We’ve been hearing for years about smart energy appliances that ‘talk’ to the grid. Here’s one better. How about cars that talk to each other to save energy?
Known as vehicle-to-vehicle (V2V), it is one of the fascinating intelligent efficiency technologies described in a new report by the American Council for an Energy-Efficient Economy.
Intelligent efficiency comes from information and communications tech (ICT) that is able to note events in the environment, predict what may happen next and respond accordingly.
It is used in many transportation services — from the cell phone app that tells you what time the subway will arrive, to a car that senses the action of other vehicles around it and even communicates with them.
These technologies are important for several reasons, not the least of which is that they can make personal travel safer and less frustrating. But they also can help us save energy. Transportation accounts for 28 percent of energy used in the U.S., 60 percent of that from cars, light trucks and motorcycles.
If we use intelligent efficiency in a bigger way, we can cut back on the amount of energy we use in transportation by 13 percent, according to the report.
There are a lot of different ways intelligent efficiency works in transportation. One of the most intriguing involves vehicle-to-vehicle (V2V) communications.
Everyone by now has heard of the self-driving car. That’s the end goal. But even before cars become that smart, they are going to provide some pretty impressive wireless data exchange.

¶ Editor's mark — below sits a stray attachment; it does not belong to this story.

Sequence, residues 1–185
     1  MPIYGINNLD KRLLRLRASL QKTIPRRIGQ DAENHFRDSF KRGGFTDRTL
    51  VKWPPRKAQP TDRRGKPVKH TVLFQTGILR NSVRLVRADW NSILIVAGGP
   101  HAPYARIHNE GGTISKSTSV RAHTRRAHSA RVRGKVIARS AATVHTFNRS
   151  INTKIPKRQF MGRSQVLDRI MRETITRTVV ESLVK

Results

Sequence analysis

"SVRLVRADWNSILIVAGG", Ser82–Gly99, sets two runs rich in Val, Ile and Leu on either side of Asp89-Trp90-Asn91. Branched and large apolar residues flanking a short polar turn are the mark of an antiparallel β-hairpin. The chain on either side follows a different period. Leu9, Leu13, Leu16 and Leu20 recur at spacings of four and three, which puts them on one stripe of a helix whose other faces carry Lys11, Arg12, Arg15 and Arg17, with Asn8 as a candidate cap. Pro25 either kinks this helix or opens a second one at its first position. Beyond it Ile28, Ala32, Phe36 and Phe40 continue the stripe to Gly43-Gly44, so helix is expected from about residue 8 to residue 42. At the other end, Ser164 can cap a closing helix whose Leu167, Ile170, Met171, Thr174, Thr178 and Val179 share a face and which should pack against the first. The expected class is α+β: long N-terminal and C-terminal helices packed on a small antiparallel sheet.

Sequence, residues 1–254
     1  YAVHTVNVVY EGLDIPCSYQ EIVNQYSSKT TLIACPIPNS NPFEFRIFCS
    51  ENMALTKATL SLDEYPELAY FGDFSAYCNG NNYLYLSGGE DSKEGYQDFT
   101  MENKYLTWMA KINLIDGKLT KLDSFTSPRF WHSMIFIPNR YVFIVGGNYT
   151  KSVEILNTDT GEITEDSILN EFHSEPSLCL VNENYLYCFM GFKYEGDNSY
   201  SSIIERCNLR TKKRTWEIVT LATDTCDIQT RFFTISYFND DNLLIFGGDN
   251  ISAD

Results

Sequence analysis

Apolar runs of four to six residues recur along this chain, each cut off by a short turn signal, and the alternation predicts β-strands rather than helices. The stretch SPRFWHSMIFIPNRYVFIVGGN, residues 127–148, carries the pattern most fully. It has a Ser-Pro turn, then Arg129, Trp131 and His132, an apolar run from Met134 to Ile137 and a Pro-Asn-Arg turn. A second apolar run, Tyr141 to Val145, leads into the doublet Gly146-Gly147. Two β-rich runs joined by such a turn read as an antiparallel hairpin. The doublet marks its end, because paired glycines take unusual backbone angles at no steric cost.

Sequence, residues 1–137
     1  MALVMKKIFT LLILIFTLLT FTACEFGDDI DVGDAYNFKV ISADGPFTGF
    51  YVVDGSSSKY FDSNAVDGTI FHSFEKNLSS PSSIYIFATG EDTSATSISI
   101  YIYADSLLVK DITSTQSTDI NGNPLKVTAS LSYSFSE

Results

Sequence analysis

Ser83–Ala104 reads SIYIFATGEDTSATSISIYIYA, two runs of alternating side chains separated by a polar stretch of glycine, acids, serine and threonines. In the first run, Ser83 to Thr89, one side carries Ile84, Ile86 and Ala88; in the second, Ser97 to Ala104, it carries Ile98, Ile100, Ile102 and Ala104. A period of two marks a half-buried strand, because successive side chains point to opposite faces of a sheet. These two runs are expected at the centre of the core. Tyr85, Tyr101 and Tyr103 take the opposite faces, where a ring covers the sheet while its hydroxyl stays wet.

At its simplest form, one car senses another and adjusts accordingly. But V2V systems also will allow vehicles “to talk to each other about their speed and upcoming traffic conditions, as well as potential road obstacles, thus reducing emissions, fuel consumption, and the potential for congestion,” ACEEE said.
Cars may be able to network their cruise control activity to “cooperate” with other vehicles on the road and form a “platoon” for saving fuel, the report said.
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Eventually, the tech also is expected to allow for communication between vehicles and buildings.
This is all still very experimental for cars — development is bit further along for commercial vehicles. The EU and Japan have successfully tested V2V that reduced distances between vehicles by about 33 feet, which improved the overall efficiency of the highway system, ACEEE said.
Meanwhile, there are other forms of effective, albeit less exciting, forms of transportation efficiency that are growing in the U.S. Car sharing services are burgeoning, according to the report, and can be found in 50 cities. Bike sharing membership also is on the rise. In addition, 60 percent of transit agencies now provide real-time travel information via smart phone, according to U.S. PIRG and the Frontier Group.
With gasoline prices falling, it will be interesting to see if the trend toward intelligent efficiency continues in personal travel. Barriers already exist to wide-scale adoption, among them lack of understanding of the benefits, high up-front costs of researching and developing ICT-related systems, and regulatory obstacles. Then there is the ongoing love Americans have for their cars and the “perceived freedom that comes from driving,” ACEEE noted.
But the smart phone has changed American behavior in many ways. It has made us appreciate inter-connectedness and ready information. Perhaps we will carry the enchantment we derive from the smart phone to the smart car.
Download ACEEE’s full report, “Energy Savings from Information and Communications Technologies in Personal Travel,” here.